Have you ever been stuck in the middle of a never-ending project and not been sure what to do? It’s a great project, and the kids are loving it, but it is TAKING FOREVER.
I had to work through this situation earlier this year when my 5th graders tackled sewing ugly dolls. According to my lesson plans, the whole project should have been wrapped up in 4 days: one for planning, one for sewing, one for stuffing, and one for adding details. I even budgeted in an extra day for slow finishers and uploading to Artsonia. As we approached day 7 with many of my students still sewing, I thought I was going to lose my mind. Why was this project taking this long? What about all the other stuff we had to do? I see my students about 36 times a year, and we had spent almost 20 percent of the year on this one project. So I ask, can a project take too long?
Here are a few questions to ask yourself if you question the length of a project.
1. What are the students learning?
When you find a project taking longer than expected, remind yourself of everything that your students are learning. If you are spending ten class periods just on using grids to draw faces, then there might be an issue. However, if your students are spending weeks on the project because they are creating grids, drawing faces, learning how to paint, selecting a color scheme and finishing their image with a frame, then they really are learning lots of different skills.
Yes, I did have stuffing, fabric, thread, and needles strewn around my room for weeks on end, but my students were designing and creating three-dimensional creatures from their imaginations. They were learning how to sew, creating 3D forms, and then using them for observational drawing. They were using shading and focusing on making their drawings look like their ugly dolls. They were writing stories about their ugly dolls. They developed so many different skills over the course of the project.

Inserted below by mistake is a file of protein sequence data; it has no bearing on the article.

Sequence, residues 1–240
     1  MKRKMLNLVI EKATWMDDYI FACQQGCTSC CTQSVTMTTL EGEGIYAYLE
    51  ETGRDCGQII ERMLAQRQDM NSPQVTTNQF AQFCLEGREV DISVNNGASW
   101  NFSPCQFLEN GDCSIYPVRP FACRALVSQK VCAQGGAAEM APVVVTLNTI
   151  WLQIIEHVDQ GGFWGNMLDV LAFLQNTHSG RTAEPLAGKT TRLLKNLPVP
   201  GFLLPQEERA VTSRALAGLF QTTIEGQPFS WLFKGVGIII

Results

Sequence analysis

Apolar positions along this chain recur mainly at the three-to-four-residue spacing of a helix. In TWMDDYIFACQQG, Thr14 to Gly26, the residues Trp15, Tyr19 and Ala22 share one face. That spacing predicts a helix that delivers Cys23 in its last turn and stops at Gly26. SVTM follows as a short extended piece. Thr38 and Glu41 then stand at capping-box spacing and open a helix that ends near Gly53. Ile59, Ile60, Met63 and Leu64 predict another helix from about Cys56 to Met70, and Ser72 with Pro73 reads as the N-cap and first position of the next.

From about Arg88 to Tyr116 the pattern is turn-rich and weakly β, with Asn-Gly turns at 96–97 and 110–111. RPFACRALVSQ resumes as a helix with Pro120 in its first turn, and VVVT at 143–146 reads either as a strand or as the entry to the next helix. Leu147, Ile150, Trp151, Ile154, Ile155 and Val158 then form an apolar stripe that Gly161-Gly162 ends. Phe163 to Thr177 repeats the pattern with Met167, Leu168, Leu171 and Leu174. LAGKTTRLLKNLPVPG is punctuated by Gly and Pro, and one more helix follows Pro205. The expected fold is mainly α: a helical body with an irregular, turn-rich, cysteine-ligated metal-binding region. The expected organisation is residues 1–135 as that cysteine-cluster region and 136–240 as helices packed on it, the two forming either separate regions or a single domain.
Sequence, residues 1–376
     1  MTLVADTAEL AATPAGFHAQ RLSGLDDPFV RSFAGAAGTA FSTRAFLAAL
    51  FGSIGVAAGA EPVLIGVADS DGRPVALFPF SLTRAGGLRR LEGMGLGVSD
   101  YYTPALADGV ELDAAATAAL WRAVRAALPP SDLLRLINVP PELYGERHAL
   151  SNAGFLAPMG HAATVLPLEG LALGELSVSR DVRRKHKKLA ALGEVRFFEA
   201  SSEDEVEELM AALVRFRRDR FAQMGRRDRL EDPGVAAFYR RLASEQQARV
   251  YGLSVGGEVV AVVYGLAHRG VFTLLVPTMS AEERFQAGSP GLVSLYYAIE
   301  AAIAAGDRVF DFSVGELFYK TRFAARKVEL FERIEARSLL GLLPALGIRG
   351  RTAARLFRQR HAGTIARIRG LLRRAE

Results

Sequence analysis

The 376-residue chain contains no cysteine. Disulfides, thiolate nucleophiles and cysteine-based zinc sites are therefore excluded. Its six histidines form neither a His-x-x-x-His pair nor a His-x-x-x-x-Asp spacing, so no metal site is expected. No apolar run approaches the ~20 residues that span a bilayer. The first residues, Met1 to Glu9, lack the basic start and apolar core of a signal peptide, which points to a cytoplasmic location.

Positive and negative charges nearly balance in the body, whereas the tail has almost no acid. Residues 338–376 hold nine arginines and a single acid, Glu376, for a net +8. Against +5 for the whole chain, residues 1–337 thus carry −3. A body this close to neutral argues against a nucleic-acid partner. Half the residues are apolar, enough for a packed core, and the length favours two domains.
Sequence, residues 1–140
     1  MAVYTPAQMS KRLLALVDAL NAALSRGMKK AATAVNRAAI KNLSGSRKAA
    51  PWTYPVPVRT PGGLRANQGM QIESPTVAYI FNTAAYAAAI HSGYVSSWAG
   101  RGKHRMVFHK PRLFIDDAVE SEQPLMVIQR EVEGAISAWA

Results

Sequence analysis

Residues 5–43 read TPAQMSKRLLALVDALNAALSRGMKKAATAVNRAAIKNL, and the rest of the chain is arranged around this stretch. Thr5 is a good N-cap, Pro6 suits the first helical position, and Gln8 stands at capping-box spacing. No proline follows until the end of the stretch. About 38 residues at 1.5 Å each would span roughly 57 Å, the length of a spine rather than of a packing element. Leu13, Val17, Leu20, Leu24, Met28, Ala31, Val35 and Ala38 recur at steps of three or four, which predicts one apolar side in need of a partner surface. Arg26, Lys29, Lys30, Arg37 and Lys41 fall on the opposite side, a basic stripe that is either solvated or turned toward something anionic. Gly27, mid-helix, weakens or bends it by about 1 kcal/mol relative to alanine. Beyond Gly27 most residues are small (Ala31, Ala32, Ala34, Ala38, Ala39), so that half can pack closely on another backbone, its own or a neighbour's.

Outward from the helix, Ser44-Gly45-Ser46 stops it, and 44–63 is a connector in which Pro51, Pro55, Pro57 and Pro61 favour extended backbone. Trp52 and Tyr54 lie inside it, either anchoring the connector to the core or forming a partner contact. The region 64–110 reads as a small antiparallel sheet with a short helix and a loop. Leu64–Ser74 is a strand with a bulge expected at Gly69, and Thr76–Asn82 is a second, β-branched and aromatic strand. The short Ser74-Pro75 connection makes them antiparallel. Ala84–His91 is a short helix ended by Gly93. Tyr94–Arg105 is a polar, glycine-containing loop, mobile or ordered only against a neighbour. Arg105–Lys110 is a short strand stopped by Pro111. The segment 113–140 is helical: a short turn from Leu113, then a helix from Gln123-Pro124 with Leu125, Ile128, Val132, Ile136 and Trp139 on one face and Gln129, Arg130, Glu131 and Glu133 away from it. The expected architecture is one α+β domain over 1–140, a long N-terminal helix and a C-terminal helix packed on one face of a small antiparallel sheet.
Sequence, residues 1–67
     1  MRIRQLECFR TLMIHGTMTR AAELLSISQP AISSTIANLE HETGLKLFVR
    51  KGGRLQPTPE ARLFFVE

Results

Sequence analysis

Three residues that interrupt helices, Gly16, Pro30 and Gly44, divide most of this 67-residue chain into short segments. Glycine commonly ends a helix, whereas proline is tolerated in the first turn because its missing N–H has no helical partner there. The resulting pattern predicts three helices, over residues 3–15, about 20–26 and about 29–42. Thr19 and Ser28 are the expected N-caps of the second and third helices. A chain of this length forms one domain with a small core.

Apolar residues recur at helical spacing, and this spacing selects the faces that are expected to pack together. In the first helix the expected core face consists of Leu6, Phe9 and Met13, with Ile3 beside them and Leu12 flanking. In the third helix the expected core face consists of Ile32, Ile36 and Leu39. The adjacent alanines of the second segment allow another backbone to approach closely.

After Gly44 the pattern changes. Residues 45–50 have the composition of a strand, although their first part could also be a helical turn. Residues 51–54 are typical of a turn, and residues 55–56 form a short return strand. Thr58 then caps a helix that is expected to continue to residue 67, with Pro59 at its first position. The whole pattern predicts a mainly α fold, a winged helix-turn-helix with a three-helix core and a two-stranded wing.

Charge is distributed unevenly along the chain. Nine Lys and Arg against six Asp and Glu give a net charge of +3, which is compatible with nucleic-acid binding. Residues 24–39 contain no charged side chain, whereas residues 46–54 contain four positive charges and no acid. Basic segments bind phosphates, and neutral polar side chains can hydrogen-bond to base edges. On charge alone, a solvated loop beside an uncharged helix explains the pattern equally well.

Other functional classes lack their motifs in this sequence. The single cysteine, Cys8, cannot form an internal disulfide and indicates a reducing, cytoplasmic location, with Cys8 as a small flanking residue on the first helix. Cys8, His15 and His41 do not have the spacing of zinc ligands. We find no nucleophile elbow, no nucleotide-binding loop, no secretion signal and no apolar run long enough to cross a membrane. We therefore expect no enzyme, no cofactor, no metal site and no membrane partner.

2. How are your students reacting to the project?
This is an important thing to consider when looking at a long project. If your students love the project and are invested in what you are doing, they won’t care how long it takes to complete. When we were doing our ugly doll project, the students were working hard every day. Those students who finished early were happy to help other students. It was awesome to see the whole class working together. It was a project that had students talking throughout the building.
3. Is there any way you could streamline or change the project?
When a project starts to take a lot longer than planned, you may need to change your plan. In our ugly doll project, we reached the point when I had to allow students to finish sewing at home or after school. Finishing at home would rarely be my first choice, but there were some students who just needed the extra time. There are times when we need to adjust our plans mid-lesson based on what our students need.
4. What could you do differently next time?
When you finish a project that took longer than expected, it is always a good idea to look back and see what you could have done along the way to save time. I know that I will be doing another sewing lesson in my classroom, but I also know that next time I will be teaching it with a flipped lesson. Many students spent a lot of time standing in line to ask me questions that could have been answered via a quick video review. I also realized that having students practice sewing on plastic cards would have helped them understand basic sewing skills prior to starting on their final projects.
There is no perfect equation for figuring out how long a project should take, and I think it’s important to introduce our students to both quick and more detailed projects. In fact, I sometimes think that the longer, more challenging lessons are the ones that have the most impact on our students. Rather than focusing on the length of the lesson, it is important that we focus on the quality of the lesson.
How long do you give your students to work on a project?
What is the longest lesson you have ever taught?
Magazine articles and podcasts are opinions of professional education contributors and do not necessarily represent the position of the Art of Education University (AOEU) or its academic offerings. Contributors use terms in the way they are most often talked about in the scope of their educational experiences.